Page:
Al-Qaeda more dangerous than ever despite Bin Laden's death: US experts
Hopes of demise premature as new recruits and safe havens mean extremists still pose threat
More than 2-1/2 years after US commandos shot dead al-Qaeda figurehead Osama bin Laden, the global extremist network is more dangerous than ever, American experts and counterterrorism officials have warned.
Thanks notably to a flood of recruits flowing to join al-Qaeda-linked jihadist forces fighting in Syria's civil war, the group is back on its feet, and securing territory from which it could once more threaten Europe and the United States.
Bin Laden's former lieutenants in al-Qaeda's historic leadership have been killed by US Special Forces or in drone strikes, or else are isolated and on the run in the lawless tribal badlands on the border between Afghanistan and Pakistan.
But armed groups in Syria, Somalia, Yemen, Libya and West Africa have flocked to his banner and al-Qaeda is rebuilding its influence and recruiting fighters across the region.
"Their leadership has been hit very hard, but this brand is still growing. And it's growing from an increased number of safe havens," said retired US Marine Corps general James Mattis.
Mattis may have hung up his uniform, but he admits the war is far from over, warning: "The congratulations that we heard two years ago on the demise of al-Qaeda were premature and are now discredited."
Speaking at the Jamestown Foundation's annual conference on terrorism in Washington last week, Mattis said: "Al-Qaeda is resilient, they adapted. We have to think strategically before we act, not only act tactically."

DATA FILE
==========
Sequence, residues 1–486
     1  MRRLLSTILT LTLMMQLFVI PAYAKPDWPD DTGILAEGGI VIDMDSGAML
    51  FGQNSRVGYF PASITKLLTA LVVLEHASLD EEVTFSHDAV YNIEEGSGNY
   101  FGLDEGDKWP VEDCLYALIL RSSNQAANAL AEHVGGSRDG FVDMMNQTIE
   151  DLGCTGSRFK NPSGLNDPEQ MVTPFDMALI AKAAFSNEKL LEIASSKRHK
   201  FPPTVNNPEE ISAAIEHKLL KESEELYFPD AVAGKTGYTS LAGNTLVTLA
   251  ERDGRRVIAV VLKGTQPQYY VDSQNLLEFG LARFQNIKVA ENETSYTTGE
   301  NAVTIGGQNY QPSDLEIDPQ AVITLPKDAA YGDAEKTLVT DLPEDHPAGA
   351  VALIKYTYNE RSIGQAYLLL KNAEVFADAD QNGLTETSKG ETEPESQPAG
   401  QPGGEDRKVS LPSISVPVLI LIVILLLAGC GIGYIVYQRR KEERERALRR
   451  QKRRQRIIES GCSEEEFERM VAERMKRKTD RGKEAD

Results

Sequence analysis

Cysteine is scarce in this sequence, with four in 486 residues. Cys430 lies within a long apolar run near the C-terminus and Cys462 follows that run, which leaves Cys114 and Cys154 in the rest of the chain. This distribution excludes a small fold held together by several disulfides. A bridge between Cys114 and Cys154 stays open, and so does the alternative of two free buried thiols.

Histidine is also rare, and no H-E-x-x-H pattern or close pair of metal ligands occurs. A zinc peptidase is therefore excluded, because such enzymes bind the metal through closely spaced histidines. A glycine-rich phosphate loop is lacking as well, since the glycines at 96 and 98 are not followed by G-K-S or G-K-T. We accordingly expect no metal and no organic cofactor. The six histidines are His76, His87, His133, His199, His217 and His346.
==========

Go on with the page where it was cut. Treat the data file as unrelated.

Bin Laden's death in May 2011 triggered a wave of optimism that the United States might have broken the back of the jihadist threat. But since the audacious commando strike that took out al-Qaeda's apparently largely symbolic chieftain, militants inspired by or linked to Bin Laden's brand of armed jihad have sacked a US consulate in Libya and stormed a Kenyan mall.
"The oxygen that al-Qaeda depends on is access to sanctuaries and safe haven. And unfortunately over the past two years it gained greater access to more ungoverned spaces," said Bruce Hoffman, director of the Centre for Peace and Security Studies at Georgetown University.
"The success of the attack in Nairobi and earlier in Mumbai suggests that these groups have now within their capacity the ability to fulfil one of Bin Laden's last commands or operational desires, which was to stage Mumbai-style attacks in Europe."
He added: "For those who want to join al-Qaeda's movement, events in Cairo, in Damascus have validated what they long said: Jihad is the only solution to the problem of change in the Muslim world today."